In the eight-month battle leading up to the Jan. 7 meeting, Shultz and Weinberger had believed that Bush was standing on the sidelines. It was a battle that aligned the State and Defense departments against an adventurous group of advisers -- Casey at the CIA, McFarlane and John Poindexter at the NSC, and their deputy, Oliver North.

When the CIA, in May 1985, first circulated a paper proposing a new policy that would relax the arms ban on Iran, Weinberger had called it "absurd" and Shultz had opposed any change in policy as long as terrorists linked to Iran held American hostages in Lebanon.

The initial arms-delivery program through Israel -- launched over the secretaries' objections -- came to a crashing halt in November 1985. It was brought up for renewed discussion in the Oval Office on Dec. 7, 1985. Again Weinberger called it "a terrible idea," and Shultz said, "We are signaling to Iran that they can kidnap people for profit." (Bush, out of town for a football game, missed the Dec. 7 meeting. But Poindexter has testified that he probably briefed Bush on it.)

Weinberger reported to his Pentagon staff that he and Shultz had "strangled the baby in the cradle" at the Dec. 7 meeting. Shultz was not so sure.

After the New Year, Bush was asked to be sure to attend Reagan's regular 9:30 national-security briefing on Jan. 6. At that meeting, in a small circle that included Chief of Staff Regan -- and with no prior word to the State and Defense departments -- Poindexter outlined a new arms-delivery proposal.

The president said he generally agreed with the plan, and that it should be laid before the National Security Council next day. Poindexter put before Reagan the draft of an intelligence "finding," authorizing arms sales to Iran for the purpose, among other things, of "furthering the release of American hostages," the program to be kept secret from Congress indefinitely. Reagan picked up his pen and signed the document. Regan would later testify that this was an error -- the finding wasn't yet ready for signature -- and the president signed a slightly amended version on Jan. 17. But his tentative approval may have made academic the next day's heated debate in the NSC. The key meeting on Jan. 7 took place in the Oval Office, where the inner circle of the NSC gathered to discuss the Iran arms deal. At this meeting of the president and his top advisers, Shultz and Weinberger weren't told that the president had signed a finding the previous day. In fact, they were not told that any such document existed. Indeed, they arrived at the White House unaware that the arms deal -- which they thought they had stopped a month earlier -- was even on the agenda.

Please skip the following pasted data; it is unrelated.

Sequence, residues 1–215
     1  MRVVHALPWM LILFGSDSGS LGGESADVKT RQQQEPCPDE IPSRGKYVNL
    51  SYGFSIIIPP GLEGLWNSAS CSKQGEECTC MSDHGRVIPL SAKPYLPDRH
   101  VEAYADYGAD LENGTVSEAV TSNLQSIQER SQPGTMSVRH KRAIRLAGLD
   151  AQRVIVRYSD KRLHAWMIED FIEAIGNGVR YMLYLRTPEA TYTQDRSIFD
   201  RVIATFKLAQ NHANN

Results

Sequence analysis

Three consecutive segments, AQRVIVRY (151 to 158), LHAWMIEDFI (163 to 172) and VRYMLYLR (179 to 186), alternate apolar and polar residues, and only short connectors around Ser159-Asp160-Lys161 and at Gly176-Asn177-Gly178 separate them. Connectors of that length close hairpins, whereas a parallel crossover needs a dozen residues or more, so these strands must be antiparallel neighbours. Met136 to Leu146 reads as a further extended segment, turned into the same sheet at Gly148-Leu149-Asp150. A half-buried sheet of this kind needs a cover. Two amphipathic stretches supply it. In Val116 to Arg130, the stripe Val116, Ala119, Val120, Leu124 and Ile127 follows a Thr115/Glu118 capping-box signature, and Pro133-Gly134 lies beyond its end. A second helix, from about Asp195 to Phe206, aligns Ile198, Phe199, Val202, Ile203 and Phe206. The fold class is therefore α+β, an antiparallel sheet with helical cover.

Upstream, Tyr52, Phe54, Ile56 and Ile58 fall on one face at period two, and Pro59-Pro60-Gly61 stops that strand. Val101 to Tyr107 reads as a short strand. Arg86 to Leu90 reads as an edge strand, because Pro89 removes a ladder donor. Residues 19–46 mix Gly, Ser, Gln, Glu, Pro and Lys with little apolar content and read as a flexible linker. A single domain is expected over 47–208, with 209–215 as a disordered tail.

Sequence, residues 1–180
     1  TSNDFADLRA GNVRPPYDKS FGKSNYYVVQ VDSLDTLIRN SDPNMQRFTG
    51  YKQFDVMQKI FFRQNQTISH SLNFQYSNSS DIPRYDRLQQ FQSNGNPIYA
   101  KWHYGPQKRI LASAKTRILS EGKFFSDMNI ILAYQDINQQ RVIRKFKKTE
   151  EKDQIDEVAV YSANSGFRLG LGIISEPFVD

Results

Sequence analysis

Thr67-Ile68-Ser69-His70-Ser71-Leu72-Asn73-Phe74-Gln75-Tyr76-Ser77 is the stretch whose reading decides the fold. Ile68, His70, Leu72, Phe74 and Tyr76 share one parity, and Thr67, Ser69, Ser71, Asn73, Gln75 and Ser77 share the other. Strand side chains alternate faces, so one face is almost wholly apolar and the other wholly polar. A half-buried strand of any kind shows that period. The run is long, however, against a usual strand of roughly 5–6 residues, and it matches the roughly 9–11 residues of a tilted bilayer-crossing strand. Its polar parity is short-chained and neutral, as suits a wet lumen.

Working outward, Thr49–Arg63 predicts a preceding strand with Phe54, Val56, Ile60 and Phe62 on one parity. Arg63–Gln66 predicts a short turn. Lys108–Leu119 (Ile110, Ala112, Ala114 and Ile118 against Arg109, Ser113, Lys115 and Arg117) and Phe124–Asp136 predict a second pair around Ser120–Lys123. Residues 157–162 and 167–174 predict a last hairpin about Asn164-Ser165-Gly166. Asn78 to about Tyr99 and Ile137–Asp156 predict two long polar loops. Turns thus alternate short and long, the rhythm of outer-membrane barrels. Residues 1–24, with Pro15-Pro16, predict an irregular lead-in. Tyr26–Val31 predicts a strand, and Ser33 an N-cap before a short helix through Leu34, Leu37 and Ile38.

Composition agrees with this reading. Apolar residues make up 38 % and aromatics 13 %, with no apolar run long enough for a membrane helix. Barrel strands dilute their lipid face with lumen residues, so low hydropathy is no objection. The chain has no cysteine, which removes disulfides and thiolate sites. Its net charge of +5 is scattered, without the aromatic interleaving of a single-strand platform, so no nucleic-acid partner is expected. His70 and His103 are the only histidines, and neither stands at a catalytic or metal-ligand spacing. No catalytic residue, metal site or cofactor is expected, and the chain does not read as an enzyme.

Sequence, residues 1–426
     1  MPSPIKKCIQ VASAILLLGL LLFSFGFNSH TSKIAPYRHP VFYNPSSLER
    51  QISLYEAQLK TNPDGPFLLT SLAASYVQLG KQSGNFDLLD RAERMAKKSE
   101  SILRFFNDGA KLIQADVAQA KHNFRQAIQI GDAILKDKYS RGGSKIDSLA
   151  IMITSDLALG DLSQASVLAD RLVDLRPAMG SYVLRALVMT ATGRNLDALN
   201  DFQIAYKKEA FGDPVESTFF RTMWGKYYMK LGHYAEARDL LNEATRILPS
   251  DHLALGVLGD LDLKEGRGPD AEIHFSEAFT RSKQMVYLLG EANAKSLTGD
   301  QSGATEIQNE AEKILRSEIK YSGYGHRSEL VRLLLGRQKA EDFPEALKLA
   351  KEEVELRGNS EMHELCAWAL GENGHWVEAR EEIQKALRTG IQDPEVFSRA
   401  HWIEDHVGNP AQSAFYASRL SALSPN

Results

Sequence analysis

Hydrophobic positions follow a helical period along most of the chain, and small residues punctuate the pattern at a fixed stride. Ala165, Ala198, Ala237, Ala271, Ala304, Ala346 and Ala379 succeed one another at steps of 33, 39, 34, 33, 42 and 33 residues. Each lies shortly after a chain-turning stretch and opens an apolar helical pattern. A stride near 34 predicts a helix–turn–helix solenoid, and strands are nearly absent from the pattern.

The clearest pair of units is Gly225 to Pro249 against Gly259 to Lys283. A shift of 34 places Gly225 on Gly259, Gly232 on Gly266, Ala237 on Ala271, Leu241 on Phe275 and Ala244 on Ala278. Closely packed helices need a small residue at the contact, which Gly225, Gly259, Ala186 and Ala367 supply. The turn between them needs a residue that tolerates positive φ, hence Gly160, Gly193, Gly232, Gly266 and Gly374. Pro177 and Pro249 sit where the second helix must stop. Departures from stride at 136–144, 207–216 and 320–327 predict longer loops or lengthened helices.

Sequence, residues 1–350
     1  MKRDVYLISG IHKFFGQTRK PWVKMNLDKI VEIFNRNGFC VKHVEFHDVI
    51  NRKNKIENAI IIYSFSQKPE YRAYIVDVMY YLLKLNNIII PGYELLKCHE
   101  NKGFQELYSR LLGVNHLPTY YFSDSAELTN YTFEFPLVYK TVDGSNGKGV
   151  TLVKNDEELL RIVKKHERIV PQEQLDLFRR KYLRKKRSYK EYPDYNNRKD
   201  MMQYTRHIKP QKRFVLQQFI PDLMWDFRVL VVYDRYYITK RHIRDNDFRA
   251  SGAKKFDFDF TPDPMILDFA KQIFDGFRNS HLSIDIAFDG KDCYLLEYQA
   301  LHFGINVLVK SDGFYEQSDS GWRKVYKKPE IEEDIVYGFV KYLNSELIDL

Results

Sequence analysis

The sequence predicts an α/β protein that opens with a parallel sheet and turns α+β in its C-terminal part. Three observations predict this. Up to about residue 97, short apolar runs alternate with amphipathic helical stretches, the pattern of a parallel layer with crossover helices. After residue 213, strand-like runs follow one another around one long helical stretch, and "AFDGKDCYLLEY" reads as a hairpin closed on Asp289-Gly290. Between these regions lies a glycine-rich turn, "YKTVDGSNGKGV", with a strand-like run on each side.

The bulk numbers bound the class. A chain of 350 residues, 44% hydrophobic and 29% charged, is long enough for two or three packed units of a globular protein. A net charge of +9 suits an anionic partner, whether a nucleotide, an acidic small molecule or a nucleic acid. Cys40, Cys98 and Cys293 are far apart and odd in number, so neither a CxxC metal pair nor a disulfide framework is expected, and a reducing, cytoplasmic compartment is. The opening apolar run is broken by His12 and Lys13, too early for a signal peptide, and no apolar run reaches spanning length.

In the next hour and 20 minutes, according to the Shultz camp, the two Cabinet officers proceeded fervently to counsel the president against selling arms to Iran. They slowly became aware of their isolation: Regan, who had opposed the deal a month earlier, now favored it; and Vice President Bush, who had stayed aloof from this controversy, was now also in favor. These officials apparently knew what Shultz and Weinberger did not -- that the train had already left the station.

The record suggests that Shultz and Weinberger never really caught up with the train until it was derailed 10 months later. They say they heard from Poindexter in an Oval Office briefing on Nov. 10, 1986 for the first time about the January "findings" -- whose signing Bush and Regan had attended. Shultz exclaimed, "That's the first I ever heard of that." Weinberger said, "I have never heard of it either."

Bush's press spokesman, Stephen Hart, says the vice president doesn't recall that any finding was signed on Jan. 6, although "records indicate" the vice president attended the 9:30 briefing on that date. Nor does Bush, he said, yet recall hearing objections from Shultz and Weinberger on Jan. 7. Further, says Hart, the vice president does not recall any finding on Jan. 17, although Poindexter's memo says he was present when Reagan was verbally briefed on it.

But Shultz, according to a source close to him, has no doubt -- based on his own recollection and a review of classified records -- of where Bush sat during the Jan. 7 meeting, and where he stood at the end.

Whatever the resolution of the Bush-Shultz disagreement, it's clear that Poindexter believed he had drawn Bush into the inner circle supporting the Iran initiative. On Feb. 1 he sent a private computer message to McFarlane saying: "George and Cap still in disagreement on policy, but are cooperating." And then: "President and V.P. are solid in taking position that we must try."

Daniel Schorr is a commentator with National Public Radio.